I found both Sean McCleneghan‘s article on public relations skill sets and Shannon Bowen‘s article on how public relations practitioners attempt to appeal to the dominant coalition within an organization to be very informative in regards to the expectations and hardships that PR professionals experience as they strive to become and remain a part of an organization’s top management team.
McCleneghan’s survey focused on the different skill sets that public relations executives place an emphasis on versus their counselor counterparts. While PR executives found “writing competency” and “critical thinking” to be more important skill sets, counselors ranked “judgment and decision-making skills” higher than writing competency. I believe that part of this discrepancy stems from the difference in power one wields as a PR executive versus a PR counselor.
When one is an executive, her duties and authority is limited by that allotted by the dominant coalition a.k.a. top management. As Bowen’s 2009 study of public relations professionals shows, many PR practitioners complain about these limitations to their ability to practice proper public relations models. PR executives may rely more on their ability to think write effectively due to the fact that they are limited to this function within their organization.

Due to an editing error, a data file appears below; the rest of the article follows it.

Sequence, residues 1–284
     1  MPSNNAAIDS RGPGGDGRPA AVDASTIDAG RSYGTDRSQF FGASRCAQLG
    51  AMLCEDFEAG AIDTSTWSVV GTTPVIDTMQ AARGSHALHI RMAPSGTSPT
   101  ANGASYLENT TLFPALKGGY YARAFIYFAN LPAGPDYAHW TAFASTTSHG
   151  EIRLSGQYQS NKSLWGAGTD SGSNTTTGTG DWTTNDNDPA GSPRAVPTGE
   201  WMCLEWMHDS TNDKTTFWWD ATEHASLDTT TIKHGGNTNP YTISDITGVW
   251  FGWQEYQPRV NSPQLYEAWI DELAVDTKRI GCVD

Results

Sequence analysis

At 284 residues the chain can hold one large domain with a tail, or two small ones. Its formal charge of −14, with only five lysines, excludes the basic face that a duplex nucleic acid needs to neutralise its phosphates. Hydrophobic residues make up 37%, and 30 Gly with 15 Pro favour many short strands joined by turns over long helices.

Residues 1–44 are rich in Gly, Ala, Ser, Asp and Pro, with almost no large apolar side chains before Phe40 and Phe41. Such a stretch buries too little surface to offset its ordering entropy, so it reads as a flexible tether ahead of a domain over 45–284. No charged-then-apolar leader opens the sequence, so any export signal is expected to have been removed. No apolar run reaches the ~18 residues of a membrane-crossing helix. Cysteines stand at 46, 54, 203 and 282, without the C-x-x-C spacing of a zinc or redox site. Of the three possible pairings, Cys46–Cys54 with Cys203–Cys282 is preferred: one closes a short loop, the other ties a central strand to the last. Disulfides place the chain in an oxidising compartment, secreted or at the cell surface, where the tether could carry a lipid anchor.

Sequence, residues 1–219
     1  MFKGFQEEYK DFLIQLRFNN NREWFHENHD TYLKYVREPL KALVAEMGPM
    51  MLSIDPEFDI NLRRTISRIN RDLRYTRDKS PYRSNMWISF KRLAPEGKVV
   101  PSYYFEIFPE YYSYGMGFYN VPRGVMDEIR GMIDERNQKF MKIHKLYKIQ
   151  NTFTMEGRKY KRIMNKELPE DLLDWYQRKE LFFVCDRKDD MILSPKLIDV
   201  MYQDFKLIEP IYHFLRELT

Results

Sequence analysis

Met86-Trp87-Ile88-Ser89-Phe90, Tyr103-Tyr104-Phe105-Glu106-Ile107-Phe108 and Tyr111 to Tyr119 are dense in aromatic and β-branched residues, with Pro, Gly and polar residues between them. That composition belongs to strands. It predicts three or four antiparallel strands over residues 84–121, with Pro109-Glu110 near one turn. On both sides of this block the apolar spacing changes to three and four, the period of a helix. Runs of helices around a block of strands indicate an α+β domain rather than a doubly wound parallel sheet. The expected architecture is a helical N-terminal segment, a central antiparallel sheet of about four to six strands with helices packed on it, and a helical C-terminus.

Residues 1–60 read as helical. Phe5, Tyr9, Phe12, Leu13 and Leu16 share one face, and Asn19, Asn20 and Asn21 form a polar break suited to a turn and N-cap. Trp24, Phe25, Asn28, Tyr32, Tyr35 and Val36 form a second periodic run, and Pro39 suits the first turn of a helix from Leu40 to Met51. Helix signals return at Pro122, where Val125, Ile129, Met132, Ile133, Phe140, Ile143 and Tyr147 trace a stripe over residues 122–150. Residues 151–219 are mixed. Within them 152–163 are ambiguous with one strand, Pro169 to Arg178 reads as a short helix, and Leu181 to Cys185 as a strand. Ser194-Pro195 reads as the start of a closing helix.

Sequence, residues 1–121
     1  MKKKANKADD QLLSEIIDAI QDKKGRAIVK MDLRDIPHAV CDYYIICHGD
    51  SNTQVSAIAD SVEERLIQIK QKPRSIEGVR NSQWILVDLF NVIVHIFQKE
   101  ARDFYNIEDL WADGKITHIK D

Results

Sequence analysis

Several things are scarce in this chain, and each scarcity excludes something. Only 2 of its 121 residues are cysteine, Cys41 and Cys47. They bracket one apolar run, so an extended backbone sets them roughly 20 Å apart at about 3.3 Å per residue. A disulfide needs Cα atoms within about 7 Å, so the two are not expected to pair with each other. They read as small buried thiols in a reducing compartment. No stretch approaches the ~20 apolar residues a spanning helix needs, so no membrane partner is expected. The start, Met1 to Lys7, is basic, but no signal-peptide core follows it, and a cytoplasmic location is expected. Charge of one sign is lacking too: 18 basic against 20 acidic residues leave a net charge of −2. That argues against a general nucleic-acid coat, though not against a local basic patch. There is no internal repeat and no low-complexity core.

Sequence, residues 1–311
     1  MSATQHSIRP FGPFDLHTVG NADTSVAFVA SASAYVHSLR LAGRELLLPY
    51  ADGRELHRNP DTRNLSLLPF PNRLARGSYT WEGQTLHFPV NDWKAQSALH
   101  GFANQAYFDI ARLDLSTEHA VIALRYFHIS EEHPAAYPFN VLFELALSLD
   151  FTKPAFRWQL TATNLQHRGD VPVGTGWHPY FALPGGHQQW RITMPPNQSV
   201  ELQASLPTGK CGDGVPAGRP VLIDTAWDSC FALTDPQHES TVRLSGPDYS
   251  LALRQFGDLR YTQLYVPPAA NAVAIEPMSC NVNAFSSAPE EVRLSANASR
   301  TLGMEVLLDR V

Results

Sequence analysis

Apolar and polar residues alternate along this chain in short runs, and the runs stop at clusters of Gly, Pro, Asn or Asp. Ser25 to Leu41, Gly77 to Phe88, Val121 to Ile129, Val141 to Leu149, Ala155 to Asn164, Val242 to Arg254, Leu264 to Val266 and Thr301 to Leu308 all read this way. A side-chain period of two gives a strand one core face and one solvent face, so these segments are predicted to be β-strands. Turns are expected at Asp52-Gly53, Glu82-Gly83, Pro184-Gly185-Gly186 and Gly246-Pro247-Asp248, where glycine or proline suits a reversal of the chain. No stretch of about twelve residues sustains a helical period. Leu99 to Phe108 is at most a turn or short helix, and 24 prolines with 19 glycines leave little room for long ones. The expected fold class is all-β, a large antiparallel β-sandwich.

According to Bowen, survey participants expressed relief when their organization was presented with a crisis because “it was what I had been waiting for all this time to get in there and prove what I could do.” Another respondent stated that he “had been waiting for years” to finally get a chance to “acquire the attention and reliance of the CEO and dominant coalition.”
Interestingly enough, Bowen’s respondents placed little faith in long-term credibility building activities through “persistence and maintaining a history of correct analyses over time.” Many were displeased by the lack of progression overtime and some even complained that “it takes ages, really years and years, to earn their [the dominant coalition’s] trust.” Part of the issue was that PR professional have been burned along this route. The same respondent went on to state that “you think you have it, and then you are back out and have to try again, to keep trying” and that there didn’t seem to be any real trust being given to public relations as an organization function.
I recently made my public relations consulting services available and, from what I’ve experienced, I would have to agree with McCleneghan’s findings that counselors place more importance on their ability to make decisions than PR executives. As an independent consultant, small business owners often look to you as the authority on all things public relations. Without the ability to consistently make sound decisions, clients will lose faith in your ability to produce results and are more likely to stop doing business with you—which may be the end of your company.
I would be very interested in hearing the opinions of other experienced practitioners on this matter. Please feel free to share your experiences by leaving a comment below.
What skill sets would you rank the highest for PR professionals?
- McCleneghan, S. J. (2007). “The PR counselor vs. PR executive: what skill sets divide them?” Public Relations Quarterly, 52(4). 15-17.
- Bowen, S. A. (2009). “What communication professionals tell us regarding dominant coalition access and gaining membership.” Journal of Applied Communications Research, 37(4). 419-443.